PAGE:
Verlaine : Il Pleure dans mon coeur



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Il pleure dans mon cœur…

 

                         Il pleut doucement sur la ville.

                                    (Arthur Rimbaud)

 

Il pleure dans mon cœur

Comme il pleut sur la ville :

Quelle est cette langueur

Qui pénètre mon cœur?

 

O bruit doux de la pluie

Par terre et sur les toits!

Pour un cœur qui s’ennuie

O le chant de la pluie!

 

Il pleure sans raison

Dans ce cœur qui s’écœure.

Quoi! nulle trahison? …

Ce deuil est sans raison.

 

C’est bien la pire peine

De ne savoir pourquoi

Sans amour et sans haine

Mon cœur a tant de peine!  

 

                                                 

            This is probably the most famous poem by Paul Verlaine, the French nineteenth century poète maudit who is today better known for his turbulent liaison with the adolescent Arthur Rimbaud than for his actual writings. I render it as

 

Tears fall from my heart….

 

Tears fall in my heart

Like rain on the town —

What is this dull smart

That transpierces my heart?

 

The sweet sound of the rain

On roofs and on the ground!

For a spirit in pain,

O the song of the rain !

 

Tears come for no reason,

To this heart sick of life,

Neither parting nor treason,

My sadness has no reason.

 

And the worst is not to know

Why, without love or hate,

Tears do not fail to flow,

But why I do not know. 

 

            [I am indebted to Claude Mignot-Ogliastri, the critic and biographer, for pointing out to me that Verlaine did not write that tears were flowing from his heart, which would be commonplace, but in his heart, causing me to emend my original translation.]   

 

            As far as I am concerned, poetry should essentially be

                 “what oft was felt but ne’er so well expressed”

to slightly adapt Pope’s famous line — he actually wrote “what oft was thought but ne’er so well expressed”.  Here, Verlaine gives perfect expression to a mood or feeling which I, and countless other people, have occasionally experienced : a sort of sadness which has no raison d’être, or not as far as one can make out. Even, it is not clear whether it really is sadness. I remember one whole summer  when, though not having any particular reason for depression, rather the contrary, I found myself afflicted by recurrent periods of continual weeping (after which I felt a  hell of a lot better), and I have met people in ‘Workshops’ of the psychological type who have recounted identical experiences.  The whole point of Verlaine’s poem is that this sadness “has no reason” and the poet is almost as much puzzled as he is afflicted.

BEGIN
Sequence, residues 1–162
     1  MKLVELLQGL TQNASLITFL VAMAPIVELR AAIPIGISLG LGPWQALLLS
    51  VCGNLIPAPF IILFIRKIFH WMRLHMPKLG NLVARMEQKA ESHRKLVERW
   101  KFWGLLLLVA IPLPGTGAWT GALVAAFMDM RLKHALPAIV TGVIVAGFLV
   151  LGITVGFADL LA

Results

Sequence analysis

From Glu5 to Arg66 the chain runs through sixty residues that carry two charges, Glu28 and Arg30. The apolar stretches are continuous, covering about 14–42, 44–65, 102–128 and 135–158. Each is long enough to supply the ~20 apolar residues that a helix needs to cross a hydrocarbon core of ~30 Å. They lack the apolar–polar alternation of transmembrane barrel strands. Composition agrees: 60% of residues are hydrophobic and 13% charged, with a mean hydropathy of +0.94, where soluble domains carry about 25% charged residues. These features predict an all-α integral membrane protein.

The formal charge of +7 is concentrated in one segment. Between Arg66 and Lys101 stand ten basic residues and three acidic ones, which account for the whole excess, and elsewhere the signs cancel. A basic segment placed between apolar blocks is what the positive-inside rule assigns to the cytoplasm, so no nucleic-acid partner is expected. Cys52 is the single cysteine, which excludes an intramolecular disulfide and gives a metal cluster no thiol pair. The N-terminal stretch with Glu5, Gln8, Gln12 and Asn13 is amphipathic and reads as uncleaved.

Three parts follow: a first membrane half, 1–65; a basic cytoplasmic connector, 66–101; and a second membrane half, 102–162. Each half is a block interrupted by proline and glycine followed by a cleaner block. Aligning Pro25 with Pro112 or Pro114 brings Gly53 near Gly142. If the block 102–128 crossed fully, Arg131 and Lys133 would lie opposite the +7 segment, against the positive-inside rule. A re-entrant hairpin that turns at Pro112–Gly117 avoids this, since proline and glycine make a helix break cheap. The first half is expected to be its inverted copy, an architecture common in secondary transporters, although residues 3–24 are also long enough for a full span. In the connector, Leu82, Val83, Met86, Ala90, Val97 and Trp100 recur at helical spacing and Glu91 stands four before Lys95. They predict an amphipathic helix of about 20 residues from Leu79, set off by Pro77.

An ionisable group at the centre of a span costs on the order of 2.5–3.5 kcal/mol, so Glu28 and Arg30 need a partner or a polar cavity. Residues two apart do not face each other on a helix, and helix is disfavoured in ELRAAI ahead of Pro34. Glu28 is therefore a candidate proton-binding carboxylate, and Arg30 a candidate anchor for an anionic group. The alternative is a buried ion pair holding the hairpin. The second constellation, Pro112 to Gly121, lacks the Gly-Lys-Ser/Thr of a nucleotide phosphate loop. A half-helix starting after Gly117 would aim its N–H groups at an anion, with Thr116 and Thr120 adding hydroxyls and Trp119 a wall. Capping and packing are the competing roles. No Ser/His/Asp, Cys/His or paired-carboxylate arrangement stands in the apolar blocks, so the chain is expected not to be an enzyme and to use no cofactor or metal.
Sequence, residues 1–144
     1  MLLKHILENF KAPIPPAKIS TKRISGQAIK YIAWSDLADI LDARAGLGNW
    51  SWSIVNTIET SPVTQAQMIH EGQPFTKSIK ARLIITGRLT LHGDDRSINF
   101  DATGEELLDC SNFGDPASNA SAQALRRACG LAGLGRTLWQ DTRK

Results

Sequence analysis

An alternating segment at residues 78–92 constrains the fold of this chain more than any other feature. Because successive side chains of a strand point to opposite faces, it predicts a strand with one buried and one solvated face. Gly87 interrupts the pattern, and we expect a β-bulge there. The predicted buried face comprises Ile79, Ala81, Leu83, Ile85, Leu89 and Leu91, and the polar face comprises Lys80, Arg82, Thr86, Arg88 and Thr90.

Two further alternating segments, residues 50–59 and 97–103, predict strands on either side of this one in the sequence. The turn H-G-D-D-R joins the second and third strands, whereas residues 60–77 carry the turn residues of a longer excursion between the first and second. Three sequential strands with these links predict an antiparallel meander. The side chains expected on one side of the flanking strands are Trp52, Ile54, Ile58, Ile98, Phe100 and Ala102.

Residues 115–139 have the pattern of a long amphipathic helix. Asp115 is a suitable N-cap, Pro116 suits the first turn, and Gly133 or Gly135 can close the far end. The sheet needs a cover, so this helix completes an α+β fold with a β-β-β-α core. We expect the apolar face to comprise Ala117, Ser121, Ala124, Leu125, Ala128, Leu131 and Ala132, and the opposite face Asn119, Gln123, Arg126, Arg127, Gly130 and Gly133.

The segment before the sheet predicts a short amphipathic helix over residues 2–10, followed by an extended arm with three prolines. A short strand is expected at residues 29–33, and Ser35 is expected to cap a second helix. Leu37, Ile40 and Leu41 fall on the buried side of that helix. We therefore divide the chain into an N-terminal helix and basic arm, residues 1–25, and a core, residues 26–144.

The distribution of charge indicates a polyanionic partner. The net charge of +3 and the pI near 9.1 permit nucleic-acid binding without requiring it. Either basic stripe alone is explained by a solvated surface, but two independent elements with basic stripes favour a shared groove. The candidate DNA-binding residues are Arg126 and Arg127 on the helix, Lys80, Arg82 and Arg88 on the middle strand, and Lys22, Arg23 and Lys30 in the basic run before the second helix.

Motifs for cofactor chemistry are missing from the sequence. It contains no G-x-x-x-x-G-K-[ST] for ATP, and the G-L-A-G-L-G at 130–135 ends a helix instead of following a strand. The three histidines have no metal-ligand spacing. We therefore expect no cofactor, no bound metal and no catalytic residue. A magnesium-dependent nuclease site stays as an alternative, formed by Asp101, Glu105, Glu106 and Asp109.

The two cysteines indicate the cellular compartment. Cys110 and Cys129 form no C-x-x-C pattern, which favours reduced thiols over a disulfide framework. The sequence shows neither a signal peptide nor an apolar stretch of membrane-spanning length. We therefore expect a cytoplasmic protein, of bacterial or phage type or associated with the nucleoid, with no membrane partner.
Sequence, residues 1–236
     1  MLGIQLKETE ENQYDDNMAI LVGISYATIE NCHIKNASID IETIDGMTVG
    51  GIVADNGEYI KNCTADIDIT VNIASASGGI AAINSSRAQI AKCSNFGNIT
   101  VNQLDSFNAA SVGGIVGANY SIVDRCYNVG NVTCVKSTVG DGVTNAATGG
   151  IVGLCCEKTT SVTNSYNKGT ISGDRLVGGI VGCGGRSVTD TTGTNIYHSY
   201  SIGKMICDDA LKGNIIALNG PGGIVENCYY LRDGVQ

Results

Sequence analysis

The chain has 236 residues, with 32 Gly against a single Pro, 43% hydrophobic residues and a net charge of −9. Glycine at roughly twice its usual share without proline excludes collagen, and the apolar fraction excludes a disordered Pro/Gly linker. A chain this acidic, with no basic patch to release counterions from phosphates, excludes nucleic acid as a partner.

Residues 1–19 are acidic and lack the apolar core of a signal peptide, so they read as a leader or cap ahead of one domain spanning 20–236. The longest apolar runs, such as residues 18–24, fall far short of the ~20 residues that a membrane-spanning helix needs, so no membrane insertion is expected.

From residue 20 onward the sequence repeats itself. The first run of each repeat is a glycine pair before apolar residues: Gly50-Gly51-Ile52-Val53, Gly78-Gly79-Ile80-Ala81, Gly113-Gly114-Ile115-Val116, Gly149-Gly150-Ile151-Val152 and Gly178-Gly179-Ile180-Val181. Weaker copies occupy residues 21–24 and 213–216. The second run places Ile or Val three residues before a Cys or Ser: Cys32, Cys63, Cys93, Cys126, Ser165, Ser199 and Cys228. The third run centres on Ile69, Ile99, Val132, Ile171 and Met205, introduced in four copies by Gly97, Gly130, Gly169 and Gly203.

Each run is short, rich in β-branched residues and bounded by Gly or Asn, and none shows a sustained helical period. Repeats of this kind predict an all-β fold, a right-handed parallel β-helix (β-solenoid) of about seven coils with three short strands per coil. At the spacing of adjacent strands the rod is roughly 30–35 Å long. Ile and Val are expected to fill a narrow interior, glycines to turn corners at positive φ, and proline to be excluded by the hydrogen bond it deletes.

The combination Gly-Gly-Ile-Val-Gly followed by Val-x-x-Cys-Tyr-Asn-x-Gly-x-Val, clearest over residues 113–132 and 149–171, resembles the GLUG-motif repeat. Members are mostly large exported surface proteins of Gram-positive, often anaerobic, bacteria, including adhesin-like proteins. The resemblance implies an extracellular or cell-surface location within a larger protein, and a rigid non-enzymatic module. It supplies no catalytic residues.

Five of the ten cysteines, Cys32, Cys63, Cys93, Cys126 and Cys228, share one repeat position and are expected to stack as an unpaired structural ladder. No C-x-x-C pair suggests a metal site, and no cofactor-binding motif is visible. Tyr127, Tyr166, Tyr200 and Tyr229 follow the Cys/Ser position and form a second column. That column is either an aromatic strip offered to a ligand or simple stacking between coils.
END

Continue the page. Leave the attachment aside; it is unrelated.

An article recently appeared in the New Scientist discussing whether depression can/should be cured by ‘happiness’ drugs, provoking varied reactions amongst correspondents. Currently, although almost everyone in this country, including or especially the best off, seems to spend most of their time moaning and whinging, there is a positive obligation to always be  photographed not only smiling but laughing uproariously. If the current government had another term (which currently seems unlikely) it would probably end up by making it punishable by law to appear despondent in public — a £50 fine, say, for a first offence and a warning of more serious penalties for recidivism. One envies the Victorians their right to view life as a serious  business.

 

                                                                                                               Sebastian Hayes    


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1 Comment

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